Today’s readers are fortunate to have more books to choose from than ever before. The combination of an ever-increasing pool of writers, improved distribution, and the rise of self-publishing has created countless opportunities for authors and readers alike.

The only downside to this wealth of options is having to actually choose among them as readers! Of course, that’s why we have book reviews. A well-written book review tells us which books are good and which could use some work, which ones are to our taste and which aren’t, so we can select only the best for our reading piles. It’s also why, as a book reviewer, you have to advocate for your favorite titles — and clarify which ones are best left on the shelf!

But how can you get readers to listen to your recommendations? Well, that’s what this article is for. Here are five tips on how to write a book review that readers will love, no matter what sort of book you’re reviewing.

1. Give your honest opinion

If there’s one thing the top-rated reviews on Goodreads can tell us, it’s that a review doesn’t have to be effusive to appeal to readers; most of them value honesty over all else. So give each book exactly as many stars as you feel it deserves, whether that’s five or zero, and share what you genuinely thought about it.

Of course, as any good book reviewer will know, there’s an ocean of difference between “honest” and “merciless.” If you didn’t like the book, don’t go into excruciating detail about everything you hated. Cover the major elements, the things that stood out to you, and use a few concrete examples to justify your opinions. Also, do note if a book you disliked wasn’t in your preferred genre, or the story wasn’t what you expected, even if you think it was legitimately bad. This will help prospective readers judge for themselves whether they still want to give it a try.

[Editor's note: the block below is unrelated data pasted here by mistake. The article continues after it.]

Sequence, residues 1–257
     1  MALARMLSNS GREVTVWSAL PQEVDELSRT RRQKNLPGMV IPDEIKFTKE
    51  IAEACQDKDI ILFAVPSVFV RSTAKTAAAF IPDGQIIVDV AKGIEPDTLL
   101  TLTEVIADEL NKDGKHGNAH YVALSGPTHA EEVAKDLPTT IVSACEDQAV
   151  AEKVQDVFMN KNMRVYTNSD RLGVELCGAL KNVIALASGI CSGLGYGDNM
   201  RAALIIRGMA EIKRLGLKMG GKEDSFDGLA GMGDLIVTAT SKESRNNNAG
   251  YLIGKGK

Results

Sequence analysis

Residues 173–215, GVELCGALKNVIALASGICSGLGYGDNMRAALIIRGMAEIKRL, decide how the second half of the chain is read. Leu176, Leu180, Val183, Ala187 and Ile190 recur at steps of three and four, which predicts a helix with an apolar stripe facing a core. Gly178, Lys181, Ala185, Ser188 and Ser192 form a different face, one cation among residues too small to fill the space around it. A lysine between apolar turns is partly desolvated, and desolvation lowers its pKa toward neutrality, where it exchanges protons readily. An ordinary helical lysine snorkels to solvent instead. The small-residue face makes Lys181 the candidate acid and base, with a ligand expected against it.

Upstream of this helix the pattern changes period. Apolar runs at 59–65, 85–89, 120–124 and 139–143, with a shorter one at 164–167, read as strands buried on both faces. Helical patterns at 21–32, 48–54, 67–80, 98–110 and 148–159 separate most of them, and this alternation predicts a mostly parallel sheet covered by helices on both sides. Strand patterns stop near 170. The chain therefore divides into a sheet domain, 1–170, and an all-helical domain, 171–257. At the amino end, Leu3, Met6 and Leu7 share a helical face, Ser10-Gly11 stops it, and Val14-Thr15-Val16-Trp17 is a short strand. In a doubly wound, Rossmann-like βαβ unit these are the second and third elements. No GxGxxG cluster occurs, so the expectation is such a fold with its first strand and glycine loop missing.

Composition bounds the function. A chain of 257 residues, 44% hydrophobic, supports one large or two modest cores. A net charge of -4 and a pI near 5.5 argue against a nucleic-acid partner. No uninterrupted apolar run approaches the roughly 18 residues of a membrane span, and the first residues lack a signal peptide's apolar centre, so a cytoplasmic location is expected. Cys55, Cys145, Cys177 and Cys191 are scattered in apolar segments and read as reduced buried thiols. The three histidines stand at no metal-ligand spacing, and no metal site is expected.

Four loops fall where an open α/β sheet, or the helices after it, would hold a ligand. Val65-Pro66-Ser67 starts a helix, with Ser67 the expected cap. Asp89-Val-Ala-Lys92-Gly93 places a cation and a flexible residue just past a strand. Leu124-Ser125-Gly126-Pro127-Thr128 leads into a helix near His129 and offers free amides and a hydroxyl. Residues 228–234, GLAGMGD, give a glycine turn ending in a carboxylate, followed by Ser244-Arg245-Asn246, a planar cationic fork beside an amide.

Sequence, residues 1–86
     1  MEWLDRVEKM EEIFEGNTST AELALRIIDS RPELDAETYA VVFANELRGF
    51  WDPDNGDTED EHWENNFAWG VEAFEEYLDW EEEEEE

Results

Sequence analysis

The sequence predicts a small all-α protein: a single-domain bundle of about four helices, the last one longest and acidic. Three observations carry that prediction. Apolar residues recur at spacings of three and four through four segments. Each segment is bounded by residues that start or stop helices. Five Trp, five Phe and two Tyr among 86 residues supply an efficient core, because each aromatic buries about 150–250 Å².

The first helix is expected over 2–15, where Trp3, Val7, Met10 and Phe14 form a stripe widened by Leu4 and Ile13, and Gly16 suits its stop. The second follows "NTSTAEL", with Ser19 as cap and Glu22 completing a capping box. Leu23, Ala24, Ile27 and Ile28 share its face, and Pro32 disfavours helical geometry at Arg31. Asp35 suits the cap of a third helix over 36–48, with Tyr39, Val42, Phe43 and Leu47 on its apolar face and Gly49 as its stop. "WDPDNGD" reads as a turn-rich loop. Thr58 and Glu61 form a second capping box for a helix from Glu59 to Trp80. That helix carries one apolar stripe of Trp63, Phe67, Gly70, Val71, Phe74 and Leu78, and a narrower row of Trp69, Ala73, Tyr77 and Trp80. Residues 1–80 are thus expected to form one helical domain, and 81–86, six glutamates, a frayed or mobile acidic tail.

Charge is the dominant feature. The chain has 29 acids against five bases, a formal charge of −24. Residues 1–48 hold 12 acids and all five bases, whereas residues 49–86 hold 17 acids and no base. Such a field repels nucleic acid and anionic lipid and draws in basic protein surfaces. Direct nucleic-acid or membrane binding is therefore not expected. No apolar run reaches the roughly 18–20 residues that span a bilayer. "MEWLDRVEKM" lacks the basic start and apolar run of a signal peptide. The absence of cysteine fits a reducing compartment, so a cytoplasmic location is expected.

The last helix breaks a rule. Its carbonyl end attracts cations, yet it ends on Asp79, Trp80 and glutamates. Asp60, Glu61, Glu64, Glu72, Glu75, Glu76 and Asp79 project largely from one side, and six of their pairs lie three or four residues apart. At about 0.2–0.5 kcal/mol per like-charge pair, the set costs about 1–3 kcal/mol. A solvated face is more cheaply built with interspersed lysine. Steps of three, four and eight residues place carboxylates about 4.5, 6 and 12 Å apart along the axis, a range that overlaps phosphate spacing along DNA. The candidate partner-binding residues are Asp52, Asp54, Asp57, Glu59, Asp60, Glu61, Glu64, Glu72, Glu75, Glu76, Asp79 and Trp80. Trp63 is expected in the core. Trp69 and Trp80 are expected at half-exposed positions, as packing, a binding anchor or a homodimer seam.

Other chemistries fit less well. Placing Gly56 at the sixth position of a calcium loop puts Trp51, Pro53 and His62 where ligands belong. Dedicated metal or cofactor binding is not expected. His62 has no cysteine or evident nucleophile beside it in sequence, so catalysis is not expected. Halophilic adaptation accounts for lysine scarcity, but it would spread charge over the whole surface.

On the other hand, if you absolutely loved a book, that still doesn’t give you license to gush incoherently and use an obscene number of exclamation points! Yes, you should relay your enthusiasm — but you can do this, again, by talking about what really stood out to you and citing examples.

By the way, if you can’t find examples to back up how you feel about a given book, you may want to reexamine your opinion. It’s okay to post a subjective review that’s based more on feeling than fact, but (one more time for the people in the back) be honest about those opinions. If they come from a place of personal experience or emotion rather than what’s in the text, you owe it to readers to explain that in full.

2. Quote from the source

On the topic of examples: remember how your high school English teacher made you quote from the book in all of your literary essays? That’s because using quotes is one of the best ways to demonstrate a book’s most important themes… and in the case of reviews, quotes can also give readers a tantalizing taste of what’s to come.

A review quote can be anything from a single line to prove a point to an excerpt that provides a sense of narrative and/or tone. For example, in this list of the best true crime books of all time, I made sure to include a quote in my brief review of Shot in the Heart by Mikal Gilmore: “you’ll go inside the house where murder is born.” Doesn’t that quote just send shivers down your spine — and make the book itself seem practically irresistible?

Quotes can also be a life-saver when you can’t quite express the nuances of an author’s writing. Basically, if you can’t find your own words, it’s fine to use a few of theirs (better, even, as it’s usually more concise). As long as you’re not falling back on quotes too often, they’re a strong, compelling way to supplement your reviews and make them stick in your readers’ minds.

3. Draw comparisons to well-known titles

Another good way to make a review “stick” is by comparing the book to titles that readers already know. This gives them helpful, easy-to-remember reference points and is also just a creative way to summarize a book’s essence: “This book is American Gods meets The Hitchhiker’s Guide to the Galaxy.